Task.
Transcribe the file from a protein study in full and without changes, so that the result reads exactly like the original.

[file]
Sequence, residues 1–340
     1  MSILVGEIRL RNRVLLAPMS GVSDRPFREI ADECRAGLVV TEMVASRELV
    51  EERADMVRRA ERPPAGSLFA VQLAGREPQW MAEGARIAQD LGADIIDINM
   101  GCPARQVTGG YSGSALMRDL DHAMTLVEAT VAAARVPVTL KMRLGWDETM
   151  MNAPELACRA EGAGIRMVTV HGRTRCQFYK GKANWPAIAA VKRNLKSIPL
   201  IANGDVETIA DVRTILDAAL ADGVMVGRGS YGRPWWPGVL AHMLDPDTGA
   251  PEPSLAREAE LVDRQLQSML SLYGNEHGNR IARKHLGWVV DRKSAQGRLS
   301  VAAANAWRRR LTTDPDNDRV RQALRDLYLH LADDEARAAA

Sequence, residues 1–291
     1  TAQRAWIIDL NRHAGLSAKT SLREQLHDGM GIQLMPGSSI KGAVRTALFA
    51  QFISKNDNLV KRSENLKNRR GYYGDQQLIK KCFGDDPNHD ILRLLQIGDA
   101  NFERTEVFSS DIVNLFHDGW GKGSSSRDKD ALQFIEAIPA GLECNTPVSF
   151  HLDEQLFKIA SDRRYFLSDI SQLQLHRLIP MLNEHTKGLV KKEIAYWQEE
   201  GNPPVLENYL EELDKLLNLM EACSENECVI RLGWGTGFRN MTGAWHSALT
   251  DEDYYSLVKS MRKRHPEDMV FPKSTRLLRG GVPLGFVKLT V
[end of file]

Sequence, residues 1–340
     1  MSILVGEIRL RNRVLLAPMS GVSDRPFREI ADECRAGLVV TEMVASRELV
    51  EERADMVRRA ERPPAGSLFA VQLAGREPQW MAEGARIAQD LGADIIDINM
   101  GCPARQVTGG YSGSALMRDL DHAMTLVEAT VAAARVPVTL KMRLGWDETM
   151  MNAPELACRA EGAGIRMVTV HGRTRCQFYK GKANWPAIAA VKRNLKSIPL
   201  IANGDVETIA DVRTILDAAL ADGVMVGRGS YGRPWWPGVL AHMLDPDTGA
   251  PEPSLAREAE LVDRQLQSML SLYGNEHGNR IARKHLGWVV DRKSAQGRLS
   301  VAAANAWRRR LTTDPDNDRV RQALRDLYLH LADDEARAAA

Sequence, residues 1–291
     1  TAQRAWIIDL NRHAGLSAKT SLREQLHDGM GIQLMPGSSI KGAVRTALFA
    51  QFISKNDNLV KRSENLKNRR GYYGDQQLIK KCFGDDPNHD ILRLLQIGDA
   101  NFERTEVFSS DIVNLFHDGW GKGSSSRDKD ALQFIEAIPA GLECNTPVSF
   151  HLDEQLFKIA SDRRYFLSDI SQLQLHRLIP MLNEHTKGLV KKEIAYWQEE
   201  GNPPVLENYL EELDKLLNLM EACSENECVI RLGWGTGFRN MTGAWHSALT
   251  DEDYYSLVKS MRKRHPEDMV FPKSTRLLRG GVPLGFVKLT V